• Building Cities of the Future, a Commercial Real Estate and UrbanTech Summit, is being held Tuesday, Dec. 5, at  Tampa Marriott Waterside Hotel and Marina. The event, by Bisnow and Dreamit, features Tampa Bay Lightning owner Jeff Vinik as an opening keynote speaker. The first-ever event, slated from 8 a.m. until 5 p.m., is intended to drive commercial real estate through innovation. Bisnow is a commercial real estate news and events platform. Dreamit Ventures is a New York City-based global accelerator holding its first UrbanTech accelerator in Tampa. For more information or to register, visit Bisnow, click on Events and choose Tampa.
  •  Celebrate the holidays in Ybor with Tampa Bay Agile, Tampa Java User Group, Tampa Bay UX, and Front End Design communities. A celebration is planned from 6 p.m. to 9 p.m. Thursday, Dec. 7, at Tampa Bay Brewing Company, 1600 E. 9th Ave., Tampa. To RSVP, go here.
  • Steve Parker, an entrepreneur, executive and mentor, has been chosen as Director of TEC Garage, an incubator and co-working space run by the Tampa Bay Innovation Center. TEC Garage fosters the creation of high-tech jobs by nurturing early-stage ventures.

North Tampa company wins BioPitch competition

As Medical Director for Personalized Medicine at Moffitt Cancer Center, Howard McLeod became frustrated at the lack of tools to help individualize treatments for cancer patients. “If no company is going to provide these for us, we’d better build them ourselves,” he decided.

So McLeod, PharmD. and Moffitt Personalized Medicine Strategist Neil T. Mason, Ph.D., created their own company, Interpares Biomedicine. With Moffitt’s Jamie Teer, Ph.D., an Assistant Member, and a seasoned biotech executive Kevin Krenitsky, M.D., they created their own set of tools to help doctors and patients sort through a number of seemingly equal immunotherapy options.

“The big challenge in oncology going forward is how do to we pick, from amongst these apparently equal options, the one that is going to work?” explains McLeod, the company’s President and Chief Scientific Officer.

Interpares Biomedicine works with the blood to gauge the effectiveness of treatment. Through the blood, it can examine circulating tumor cells, rather than cells from a biopsy or surgical resection that occurred at diagnosis.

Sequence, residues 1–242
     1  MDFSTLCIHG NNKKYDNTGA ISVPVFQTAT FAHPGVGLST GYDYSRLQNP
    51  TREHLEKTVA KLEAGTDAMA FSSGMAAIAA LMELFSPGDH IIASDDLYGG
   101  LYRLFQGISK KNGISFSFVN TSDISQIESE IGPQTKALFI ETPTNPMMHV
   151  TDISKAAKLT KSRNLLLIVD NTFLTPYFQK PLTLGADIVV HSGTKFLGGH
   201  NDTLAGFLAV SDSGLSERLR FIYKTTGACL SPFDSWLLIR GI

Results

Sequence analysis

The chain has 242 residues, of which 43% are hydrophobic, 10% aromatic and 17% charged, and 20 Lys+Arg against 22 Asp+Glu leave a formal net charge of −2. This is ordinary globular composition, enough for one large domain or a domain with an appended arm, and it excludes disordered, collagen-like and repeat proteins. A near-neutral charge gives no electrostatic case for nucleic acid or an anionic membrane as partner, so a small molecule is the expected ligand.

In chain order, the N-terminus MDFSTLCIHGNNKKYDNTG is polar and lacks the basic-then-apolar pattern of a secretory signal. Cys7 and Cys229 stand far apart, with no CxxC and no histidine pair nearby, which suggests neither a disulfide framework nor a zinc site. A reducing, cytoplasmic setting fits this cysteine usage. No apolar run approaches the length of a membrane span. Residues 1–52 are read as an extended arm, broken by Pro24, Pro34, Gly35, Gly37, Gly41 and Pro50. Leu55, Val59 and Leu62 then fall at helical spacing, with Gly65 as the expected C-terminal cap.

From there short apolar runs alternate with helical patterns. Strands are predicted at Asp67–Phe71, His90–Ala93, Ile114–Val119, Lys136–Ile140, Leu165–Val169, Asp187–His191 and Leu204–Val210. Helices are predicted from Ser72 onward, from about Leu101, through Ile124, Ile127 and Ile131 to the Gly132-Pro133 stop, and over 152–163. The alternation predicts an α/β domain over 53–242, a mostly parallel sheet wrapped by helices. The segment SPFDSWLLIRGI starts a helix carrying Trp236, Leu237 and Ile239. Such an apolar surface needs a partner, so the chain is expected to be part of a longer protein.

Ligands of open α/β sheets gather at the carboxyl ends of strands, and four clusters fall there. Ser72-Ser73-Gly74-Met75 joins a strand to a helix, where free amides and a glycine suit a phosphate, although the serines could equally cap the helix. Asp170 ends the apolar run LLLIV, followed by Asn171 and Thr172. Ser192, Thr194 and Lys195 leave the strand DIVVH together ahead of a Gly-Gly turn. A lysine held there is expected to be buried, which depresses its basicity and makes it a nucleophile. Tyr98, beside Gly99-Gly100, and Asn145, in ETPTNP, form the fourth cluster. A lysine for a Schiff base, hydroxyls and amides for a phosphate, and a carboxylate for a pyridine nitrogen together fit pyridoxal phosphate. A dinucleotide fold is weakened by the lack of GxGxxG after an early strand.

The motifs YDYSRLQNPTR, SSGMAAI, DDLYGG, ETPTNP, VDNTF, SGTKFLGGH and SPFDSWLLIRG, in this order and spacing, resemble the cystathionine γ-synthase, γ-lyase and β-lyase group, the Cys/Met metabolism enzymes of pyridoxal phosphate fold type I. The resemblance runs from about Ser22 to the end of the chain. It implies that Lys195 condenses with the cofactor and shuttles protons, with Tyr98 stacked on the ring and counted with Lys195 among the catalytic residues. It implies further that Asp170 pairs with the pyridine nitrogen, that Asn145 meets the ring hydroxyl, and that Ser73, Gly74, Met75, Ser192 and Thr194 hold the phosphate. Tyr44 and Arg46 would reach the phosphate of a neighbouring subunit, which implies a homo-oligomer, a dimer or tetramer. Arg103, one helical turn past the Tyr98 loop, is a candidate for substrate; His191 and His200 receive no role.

“As time goes on, it’s more and more difficult to understand the cancer you’re really treating,” he says.

It is important with immunotherapies to assess potential toxicity, because it can be fatal. “We’re looking at a patent’s immune system, the type of T-cells that are present. That gives us some indication how well they are going to respond to treatment,” he adds.

What sets them apart in the marketplace is that they’re looking at the immune system and the DNA, plus the potential toxicity. “More often than not that’s why we have to stop therapy,” he says.

Interpares Biomedicine won the 2017 BioPitch Competition in October in St. Petersburg, a contest which helps build interest from venture and angel funders. It was one of more than 40 companies that applied to compete for the award given at BioFlorida’s annual conference.

BioFlorida, which represents almost 6,000 research, biopharmaceutical, medical technology and bioagriculture organizations, chose 15 to make presentations in a closed-door session. Four progressed to the finalist stage, which involved an open presentation before panelists at the conference.

What’s next for the North Tampa company with a staff of 12?  It’s working to perfect its ability to predict drugs’ effectiveness. It’s also looking at other innovations it can adapt to its toolset to broaden its scope.

“At this point, we’re in clinical testing mode,” he says. “We want to generate additional data.”

As the company grows, it’ll be looking to add lab and sales staff. “Tampa is right on the verge of expanding its biotech sector,” he adds. “I’m very hopeful this can really help that continue.”


Natural skin care company grows with help from black business development initiatives

Renee Edwards didn’t set out to start a business. She was a mom with a problem: Her daughter was suffering from acne -- and she wanted to help.

So Edwards, who works in clinical research at St. Petersburg’s Hill Top Research, began experimenting with essential oils and exfoliation.